-- The Home Page of the Finishing Industry
23+ years of serious education, promoting Aloha,
& the most fun you can have in metal finishing smiley
    no popups, no spam
on this site
current topics
topic 5164

Severe Corrosion Problem


We are searching for a coating/infusion that will withstand 5% Sulfuric acid mixed with cetyl trimethyl ammonium bromide. The item to be coated is a 5" dia. cylinder,8" depth, with a flat base welded to one end. Material is 316L S.Stl. There are two 1/2 " ports on the base and one 1/8" port on the side of the vessel.

The vessel is used in laboratory assays to determine fiber content in feeds. The acid solution is poured into the vessel at ambient temp. and a heating band raises the temp. to 100C with 22 psi. The heat cycle is 80 minutes and is repeated up to 8x/day. We would like a 3+ year life. We have tried phenolics, titanium nitride, gold, teflon, and chrome infusion, to name a few.

All coatings suffer from porosity problems which cause a super anode effect on the exposed metal. If anyone has suggestions we are interested. Thanks!

Peter Komarek
- Fairport New York


Peter, You may be taking the wrong approach to the problem in that the coatings you have tried are essentially barriers -- coatings that do not react as readily with the corrosive medium as the base metal. Accordingly, if there is a crack or pore in the coating you set up a galvanic cell.

An alternative is to consider a sacrificial coating, i.e., a coating that is more reactive than the base material, but forms a stable compound when reacted. This is basically what cadmium, zinc, and aluminum do to protect surfaces. You'll need to do some chemistry to come up with some potential materials. After you do, contact me and we can discuss the best way to deposit them.

jim treglio portrait
Jim Treglio
PVD Consultant - San Diego, California


Without coupon testing I would not want to suggest that any given material can withstand this solution, because it's a rather unusual exposure. However, gold does not have to be porous, and I would suggest you have stainless steel coupons gold plated by someone skilled in the art, perhaps to greater thickness than you've tried, and test the coupons under field conditions. There are several nitric acid and nitric fume based tests that should quickly reveal porosity in gold platings.

Ted Mooney, Teds signature
Ted Mooney, P.E.
Pine Beach, New Jersey


From your requirements, i.e., 5% sulfuric acid and cetyl trimethyl ammonium bromide, a logical question might be why not use borosilcate glass? Any scientific glassblower can make this vessel for you, and neither of the chemicals you mentioned will have any effect on it. Borosilicate glass will easily withstand the thermal cycling you outlined.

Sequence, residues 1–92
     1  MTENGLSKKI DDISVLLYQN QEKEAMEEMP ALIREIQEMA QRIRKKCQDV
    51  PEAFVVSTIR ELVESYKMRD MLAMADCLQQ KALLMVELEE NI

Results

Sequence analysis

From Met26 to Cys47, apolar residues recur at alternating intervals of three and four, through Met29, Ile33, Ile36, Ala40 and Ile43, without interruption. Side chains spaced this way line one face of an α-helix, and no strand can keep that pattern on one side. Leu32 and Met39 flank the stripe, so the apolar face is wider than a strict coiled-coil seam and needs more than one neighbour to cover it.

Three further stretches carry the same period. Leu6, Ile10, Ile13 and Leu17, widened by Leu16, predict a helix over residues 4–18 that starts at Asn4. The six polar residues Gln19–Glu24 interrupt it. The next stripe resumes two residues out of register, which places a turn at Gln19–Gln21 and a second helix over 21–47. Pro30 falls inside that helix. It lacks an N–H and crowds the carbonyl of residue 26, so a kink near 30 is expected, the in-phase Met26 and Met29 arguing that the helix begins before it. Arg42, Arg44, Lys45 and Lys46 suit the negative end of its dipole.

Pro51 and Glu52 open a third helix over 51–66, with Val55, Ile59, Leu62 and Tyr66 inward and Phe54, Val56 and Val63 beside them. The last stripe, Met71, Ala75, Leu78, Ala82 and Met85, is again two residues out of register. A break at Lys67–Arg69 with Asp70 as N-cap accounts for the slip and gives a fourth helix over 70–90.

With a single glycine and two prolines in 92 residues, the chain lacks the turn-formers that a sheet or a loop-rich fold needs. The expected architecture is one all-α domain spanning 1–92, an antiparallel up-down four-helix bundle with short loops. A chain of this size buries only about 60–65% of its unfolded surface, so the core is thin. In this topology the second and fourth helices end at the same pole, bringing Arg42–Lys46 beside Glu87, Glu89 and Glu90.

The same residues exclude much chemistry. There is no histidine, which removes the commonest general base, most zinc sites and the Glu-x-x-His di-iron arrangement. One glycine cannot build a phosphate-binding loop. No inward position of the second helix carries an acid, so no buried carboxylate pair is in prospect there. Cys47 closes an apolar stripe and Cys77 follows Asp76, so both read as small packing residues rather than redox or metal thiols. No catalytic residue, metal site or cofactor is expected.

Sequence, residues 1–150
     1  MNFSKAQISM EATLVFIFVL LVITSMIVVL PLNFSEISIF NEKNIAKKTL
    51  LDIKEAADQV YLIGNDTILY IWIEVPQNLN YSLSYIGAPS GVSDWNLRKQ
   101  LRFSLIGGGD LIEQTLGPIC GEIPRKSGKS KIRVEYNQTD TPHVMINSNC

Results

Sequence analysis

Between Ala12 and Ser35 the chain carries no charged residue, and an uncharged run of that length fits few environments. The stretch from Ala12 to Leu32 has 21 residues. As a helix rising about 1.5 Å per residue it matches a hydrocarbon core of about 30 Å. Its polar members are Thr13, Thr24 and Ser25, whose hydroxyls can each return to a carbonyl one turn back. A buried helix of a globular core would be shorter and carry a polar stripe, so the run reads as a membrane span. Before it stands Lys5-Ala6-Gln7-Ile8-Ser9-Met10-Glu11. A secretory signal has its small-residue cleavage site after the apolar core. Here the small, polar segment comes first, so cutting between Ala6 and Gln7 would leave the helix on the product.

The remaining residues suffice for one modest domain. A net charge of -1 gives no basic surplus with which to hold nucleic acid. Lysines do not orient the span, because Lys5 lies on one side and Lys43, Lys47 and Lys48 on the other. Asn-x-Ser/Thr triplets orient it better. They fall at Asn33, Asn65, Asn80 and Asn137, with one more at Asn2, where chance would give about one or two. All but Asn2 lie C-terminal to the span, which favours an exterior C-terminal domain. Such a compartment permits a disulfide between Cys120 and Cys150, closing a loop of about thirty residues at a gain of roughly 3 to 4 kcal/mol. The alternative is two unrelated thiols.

Drop us a line if you need the name of a glassblower. There are many other coatings which should be able to handle the environment you listed--the name of the game is 100% coverage.

Dale Woika
SCSC - Bellefonte, Pennsylvania


Hi Peter, You can try with a non-porous thick coating, I suggest to try with ECTFE or ETFE. There are some manufacturers of those materials Ausimont (HALAR) Dupont (TFZEL), Withford (Dycor), Daikin, etc. You can contact with a teflon coater, they will help you.

Jordi Pujol
- Barcelona, Spain

This public forum has 60,000 threads. If you have a question in mind which seems off topic to this thread, you might prefer to Search the Site

ADD a Comment to THIS thread START a NEW threadView CURRENT TOPICS

Disclaimer: It's not possible to diagnose a finishing problem or the hazards of an operation via these pages. All information presented is for general reference and does not represent a professional opinion nor the policy of an author's employer. The internet is largely anonymous & unvetted; some names may be fictitious and some recommendations may be deliberately harmful.

  If you need a product/service, please check these Directories:

JobshopsCapital Equip. & Install'nChemicals & Consumables Consult'g, Train'g, SoftwareEnvironmental ComplianceTesting Svcs. & Devices

©1995-2018, Inc., Pine Beach, NJ   -   About   -  Privacy Policy
How Google uses data when you visit this site.